United States District Court, E.D. Missouri, Southeastern Division
WILLIAM E. IRVING, Plaintiff,
DANIELLE WELLS, et al., Defendants.
MEMORANDUM AND ORDER
M. BODENHAUSEN UNITED STATES MAGISTRATE JUDGE
matter is before the Court on defendants' motion for
summary judgment. Plaintiff, who proceeds pro se,
has filed a motion for continuance pursuant to Rule 56(f),
Fed.R.Civ.P. The parties have consented to the jurisdiction
of the undersigned United States Magistrate Judge pursuant to
28 U.S.C. § 636(c).
events giving rise to this dispute occurred in January and
February 2018 while plaintiff was an inmate at the Southeast
Correctional Center (SECC). He alleges that defendant
Correctional Officer Danielle Wells conspired with prisoners
and gang members who threatened plaintiff's life.
Plaintiff also alleges that defendant Functional Unit Manager
Lorene Armstrong recommended against plaintiff's request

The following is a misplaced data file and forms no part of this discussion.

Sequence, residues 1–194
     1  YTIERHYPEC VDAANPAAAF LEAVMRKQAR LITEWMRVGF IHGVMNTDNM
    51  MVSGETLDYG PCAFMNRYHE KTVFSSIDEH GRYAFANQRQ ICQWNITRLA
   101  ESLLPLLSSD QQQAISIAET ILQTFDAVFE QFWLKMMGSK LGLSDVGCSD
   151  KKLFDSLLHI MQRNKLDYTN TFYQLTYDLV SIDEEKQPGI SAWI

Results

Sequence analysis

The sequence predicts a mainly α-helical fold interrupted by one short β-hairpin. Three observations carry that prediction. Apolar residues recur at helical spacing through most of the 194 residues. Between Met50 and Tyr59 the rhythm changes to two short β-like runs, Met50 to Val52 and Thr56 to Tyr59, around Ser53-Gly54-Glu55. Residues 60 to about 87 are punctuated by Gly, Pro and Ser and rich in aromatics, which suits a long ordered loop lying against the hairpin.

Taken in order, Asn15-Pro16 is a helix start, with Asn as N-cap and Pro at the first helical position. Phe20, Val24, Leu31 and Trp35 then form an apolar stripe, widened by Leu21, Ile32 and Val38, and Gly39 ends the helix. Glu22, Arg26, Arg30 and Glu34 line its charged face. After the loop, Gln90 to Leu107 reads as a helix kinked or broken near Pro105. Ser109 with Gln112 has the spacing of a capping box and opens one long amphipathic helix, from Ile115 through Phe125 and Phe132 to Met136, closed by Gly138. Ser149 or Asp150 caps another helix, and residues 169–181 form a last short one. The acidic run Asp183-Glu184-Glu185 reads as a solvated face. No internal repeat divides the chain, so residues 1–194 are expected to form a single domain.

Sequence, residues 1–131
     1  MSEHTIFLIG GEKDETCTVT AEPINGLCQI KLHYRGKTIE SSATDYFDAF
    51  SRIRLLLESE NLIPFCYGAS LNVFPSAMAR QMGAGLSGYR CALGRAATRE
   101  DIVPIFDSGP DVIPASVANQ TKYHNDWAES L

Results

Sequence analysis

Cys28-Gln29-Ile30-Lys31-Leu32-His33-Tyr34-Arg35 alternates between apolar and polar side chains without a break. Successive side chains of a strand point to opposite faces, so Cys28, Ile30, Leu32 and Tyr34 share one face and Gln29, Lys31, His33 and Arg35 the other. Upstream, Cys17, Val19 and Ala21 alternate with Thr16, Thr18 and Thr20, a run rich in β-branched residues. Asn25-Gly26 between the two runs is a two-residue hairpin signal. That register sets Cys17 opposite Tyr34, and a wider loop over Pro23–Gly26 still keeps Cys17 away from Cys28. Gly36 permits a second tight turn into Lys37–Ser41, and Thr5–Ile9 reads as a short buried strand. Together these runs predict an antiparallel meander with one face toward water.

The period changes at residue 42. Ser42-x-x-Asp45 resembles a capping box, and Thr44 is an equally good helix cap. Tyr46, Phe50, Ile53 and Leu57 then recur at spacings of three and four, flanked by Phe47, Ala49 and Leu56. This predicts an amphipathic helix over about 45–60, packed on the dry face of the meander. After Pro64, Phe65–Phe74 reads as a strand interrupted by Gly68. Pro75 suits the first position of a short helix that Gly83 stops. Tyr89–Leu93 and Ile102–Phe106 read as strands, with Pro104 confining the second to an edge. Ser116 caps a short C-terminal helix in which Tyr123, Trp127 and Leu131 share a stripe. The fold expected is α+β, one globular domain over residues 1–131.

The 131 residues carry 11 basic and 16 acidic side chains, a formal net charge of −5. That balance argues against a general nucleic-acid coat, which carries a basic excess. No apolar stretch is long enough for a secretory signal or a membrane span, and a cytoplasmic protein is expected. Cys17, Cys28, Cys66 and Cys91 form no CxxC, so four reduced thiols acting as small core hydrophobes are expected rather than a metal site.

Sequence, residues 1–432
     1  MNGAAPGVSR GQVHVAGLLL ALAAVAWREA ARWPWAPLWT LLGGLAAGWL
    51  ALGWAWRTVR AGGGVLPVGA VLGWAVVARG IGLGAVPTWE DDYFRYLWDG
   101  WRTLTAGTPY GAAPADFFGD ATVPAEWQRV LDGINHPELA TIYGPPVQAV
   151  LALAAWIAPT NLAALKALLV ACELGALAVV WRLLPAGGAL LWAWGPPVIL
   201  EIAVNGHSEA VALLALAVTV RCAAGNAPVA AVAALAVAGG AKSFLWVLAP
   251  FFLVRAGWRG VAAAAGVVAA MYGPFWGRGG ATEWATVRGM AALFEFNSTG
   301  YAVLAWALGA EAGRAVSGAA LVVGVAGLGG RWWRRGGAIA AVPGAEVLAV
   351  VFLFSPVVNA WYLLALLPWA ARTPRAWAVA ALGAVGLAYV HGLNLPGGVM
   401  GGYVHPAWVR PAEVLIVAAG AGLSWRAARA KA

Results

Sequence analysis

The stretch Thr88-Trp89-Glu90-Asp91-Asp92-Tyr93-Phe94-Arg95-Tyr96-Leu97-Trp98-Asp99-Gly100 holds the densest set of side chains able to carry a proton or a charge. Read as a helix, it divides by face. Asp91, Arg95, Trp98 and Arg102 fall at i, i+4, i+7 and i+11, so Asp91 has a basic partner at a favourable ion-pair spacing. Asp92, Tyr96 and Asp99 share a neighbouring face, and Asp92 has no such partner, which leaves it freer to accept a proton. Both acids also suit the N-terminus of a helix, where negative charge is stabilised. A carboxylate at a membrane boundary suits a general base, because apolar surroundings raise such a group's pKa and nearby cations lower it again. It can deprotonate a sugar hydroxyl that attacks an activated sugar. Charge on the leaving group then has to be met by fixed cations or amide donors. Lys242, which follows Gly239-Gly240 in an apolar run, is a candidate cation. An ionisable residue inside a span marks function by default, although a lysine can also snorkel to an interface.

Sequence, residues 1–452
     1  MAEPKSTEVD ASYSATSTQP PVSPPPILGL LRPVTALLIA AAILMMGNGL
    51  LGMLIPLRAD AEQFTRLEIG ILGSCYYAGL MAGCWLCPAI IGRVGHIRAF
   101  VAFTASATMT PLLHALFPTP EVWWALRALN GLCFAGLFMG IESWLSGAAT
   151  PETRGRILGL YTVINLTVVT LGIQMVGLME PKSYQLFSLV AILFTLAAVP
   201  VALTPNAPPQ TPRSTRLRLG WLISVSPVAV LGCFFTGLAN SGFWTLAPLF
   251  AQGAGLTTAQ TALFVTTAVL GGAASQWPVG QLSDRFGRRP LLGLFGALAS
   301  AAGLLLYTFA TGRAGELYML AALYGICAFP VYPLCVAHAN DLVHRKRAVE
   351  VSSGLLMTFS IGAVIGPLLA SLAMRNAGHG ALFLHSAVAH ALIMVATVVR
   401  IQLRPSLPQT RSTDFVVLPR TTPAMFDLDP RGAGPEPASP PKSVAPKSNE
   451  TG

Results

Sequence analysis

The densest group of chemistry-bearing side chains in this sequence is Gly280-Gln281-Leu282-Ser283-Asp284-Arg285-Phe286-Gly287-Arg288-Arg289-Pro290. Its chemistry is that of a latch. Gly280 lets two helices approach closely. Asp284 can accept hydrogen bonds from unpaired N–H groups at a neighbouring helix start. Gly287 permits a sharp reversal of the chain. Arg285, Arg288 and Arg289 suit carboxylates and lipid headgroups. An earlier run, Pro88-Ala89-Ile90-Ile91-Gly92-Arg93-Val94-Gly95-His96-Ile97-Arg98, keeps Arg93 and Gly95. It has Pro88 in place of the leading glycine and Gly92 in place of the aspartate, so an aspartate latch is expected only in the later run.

for protective custody and that defendants Shift Captains
Travis Wilhite and Alex Clinton attempted to move him to a
housing unit where he would be assaulted. Plaintiff filed
suit pursuant to 42 U.S.C. § 1983, seeking declaratory
and injunctive relief and $300 in compensatory damages and
$300 in punitive damages from each defendant.Defendants move
for summary judgment, arguing that plaintiff suffered no
physical injury and thus is not entitled to damages. They
further argue that his claim for injunctive relief became
moot when he was transferred to SCCC and that his request for
declaratory judgment should be denied.
alleges that in January and early February 2018, he submitted
complaints “in relation to” defendant Wells and
gang members in Housing Unit 5 who were threatening him.
Amended Complaint § VI(a) [Doc. # 6]. On February 5,
2018, he was again threatened and “declared protective